Secretary of the Russian Security Council Nikolai Patrushev claimed, “The need for demilitarization is due to the fact that Ukraine, saturated with weapons, poses a threat to Russia, including from the point of view of the development and use of nuclear, chemical, and biological weapons.”

The West denies these allegations and Austin dismissed them as “unhelpful,” but it was under a similar pretext of the development of weapons of mass destruction by Saddam Hussein that the United States invaded his country in 2003.

Without providing any real proof this time either, Western governments are now basing their policy decisions on the assumption that Putin intends to push further West after Ukraine.

“And let’s be clear—if Putin succeeds, there will be untold further misery across Europe and terrible consequences across the globe.” UK Foreign Secretary Liz Truss warned in a combative speech in London last week.

“We will keep going further and faster to push Russia out of the whole of Ukraine,” she added. This would include Crimea and Donbas.

Truss all but implied that a state of war now exists between the UK and Russia by adding, “The war in Ukraine is our war—it is everyone’s war. … because Ukraine’s victory is a strategic imperative for all of us.”

Her fightin’ talk went further.

“Heavy weapons, tanks, airplanes—digging deep into our inventories, ramping up production. We need to do all of this. We cannot be complacent. The fate of Ukraine remains in the balance.”

She may want to be seen as The Iron Lady II, but Lady Margaret Thatcher never contemplated a direct confrontation with Soviet Russia. Indeed, her dialogue with Mikhail Gorbachev was an important step in ending the Cold War.

Speaking at almost the same time in St. Petersburg, Putin responded by threatening that any country meddling in Ukraine would be met with a “lightning” fast response.

“We have all the tools [to respond] that no one can boast of, and we will not [just] be bragging about them, we will use them if necessary.”

A day later, on April 28, Russian Foreign Ministry spokeswoman Maria Zakharova told reporters in Moscow: “In the West, they are openly calling on Kyiv to attack Russia including with the use of weapons received from NATO countries. I don’t advise you to test our patience further.”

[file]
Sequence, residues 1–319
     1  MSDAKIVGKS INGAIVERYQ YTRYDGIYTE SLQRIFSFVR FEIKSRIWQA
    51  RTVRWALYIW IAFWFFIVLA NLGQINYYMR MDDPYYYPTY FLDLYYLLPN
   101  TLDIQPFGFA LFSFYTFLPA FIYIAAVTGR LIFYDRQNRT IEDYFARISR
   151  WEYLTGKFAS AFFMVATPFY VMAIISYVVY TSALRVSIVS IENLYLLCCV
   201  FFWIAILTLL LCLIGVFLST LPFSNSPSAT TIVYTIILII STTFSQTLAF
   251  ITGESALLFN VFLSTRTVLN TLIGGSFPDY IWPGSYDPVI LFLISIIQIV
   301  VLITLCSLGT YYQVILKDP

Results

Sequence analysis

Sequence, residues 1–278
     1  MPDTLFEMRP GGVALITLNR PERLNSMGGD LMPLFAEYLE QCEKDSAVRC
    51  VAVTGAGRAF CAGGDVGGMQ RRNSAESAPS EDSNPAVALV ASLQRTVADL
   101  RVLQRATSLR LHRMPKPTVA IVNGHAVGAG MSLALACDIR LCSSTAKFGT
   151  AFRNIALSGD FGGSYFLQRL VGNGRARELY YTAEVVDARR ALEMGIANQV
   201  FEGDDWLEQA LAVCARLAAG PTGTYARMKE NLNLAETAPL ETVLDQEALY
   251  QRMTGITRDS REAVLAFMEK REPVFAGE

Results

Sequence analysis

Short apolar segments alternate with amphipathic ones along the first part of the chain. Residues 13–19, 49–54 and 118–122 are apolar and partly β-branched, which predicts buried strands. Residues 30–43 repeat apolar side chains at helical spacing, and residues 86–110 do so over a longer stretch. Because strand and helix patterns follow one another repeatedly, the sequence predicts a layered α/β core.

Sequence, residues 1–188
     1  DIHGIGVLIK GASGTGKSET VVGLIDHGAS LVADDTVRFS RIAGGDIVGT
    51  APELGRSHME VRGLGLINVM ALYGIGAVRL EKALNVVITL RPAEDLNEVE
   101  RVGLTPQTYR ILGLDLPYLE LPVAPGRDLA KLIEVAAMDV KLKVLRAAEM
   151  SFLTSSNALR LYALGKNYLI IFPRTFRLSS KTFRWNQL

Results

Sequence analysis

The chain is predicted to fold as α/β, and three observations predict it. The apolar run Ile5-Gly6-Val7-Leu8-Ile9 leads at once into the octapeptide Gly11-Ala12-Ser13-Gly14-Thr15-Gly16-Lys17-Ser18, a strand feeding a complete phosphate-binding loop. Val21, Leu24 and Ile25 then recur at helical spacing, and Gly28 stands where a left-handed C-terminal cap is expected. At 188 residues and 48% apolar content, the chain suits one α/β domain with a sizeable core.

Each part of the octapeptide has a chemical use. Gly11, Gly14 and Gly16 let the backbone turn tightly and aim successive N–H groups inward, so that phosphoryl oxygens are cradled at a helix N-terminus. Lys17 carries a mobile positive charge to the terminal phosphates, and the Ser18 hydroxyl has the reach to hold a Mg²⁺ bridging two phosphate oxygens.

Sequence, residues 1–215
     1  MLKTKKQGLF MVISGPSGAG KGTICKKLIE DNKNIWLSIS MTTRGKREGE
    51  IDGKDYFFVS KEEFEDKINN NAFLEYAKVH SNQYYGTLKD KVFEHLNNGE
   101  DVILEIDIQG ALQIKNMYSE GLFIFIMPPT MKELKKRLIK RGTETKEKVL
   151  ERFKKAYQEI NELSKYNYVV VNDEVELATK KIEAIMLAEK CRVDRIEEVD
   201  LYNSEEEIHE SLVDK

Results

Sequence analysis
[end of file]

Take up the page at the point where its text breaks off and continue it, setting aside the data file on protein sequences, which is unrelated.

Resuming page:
It’s worth reading the rest of Churchill’s Iron Curtain speech, because he left the door open for a better outcome with Russia, which was at the time being ruled by Joseph Stalin.

First, he made his audience in Fulton aware of the responsibility their country now faced.

“It is a solemn moment for the American democracy. With primacy in power is also joined an awe-inspiring accountability to the future.”

Then, he encouraged them to consider the world from their new adversary’s perspective.

“We understand the Russian need to be secure on her western frontiers by the removal of all possibility of German aggression. We welcome Russia to her rightful place among the leading nations of the world. Above all, we welcome constant, frequent, and growing contacts between the Russian people and our own people on both sides of the Atlantic.”

UK Prime Minister Boris Johnson has been hugely influenced by his predecessor and once authored a biography about him, but maybe he didn’t read that particular speech fully. He should certainly know his famous line, “Meeting jaw to jaw is better than war.”

Western leaders are currently playing with fire, but do they really want a world war?

Views expressed in this article are the opinions of the author and do not necessarily reflect the views of The Epoch Times.


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Andrew Davies is a UK-based video producer and writer. His award-winning video on underage sex abuse helped Barnardos children’s charity change UK law, while his documentary “Batons, Bows and Bruises: A History of the Royal Philharmonic Orchestra,” ran for six years on the Sky Arts Channel.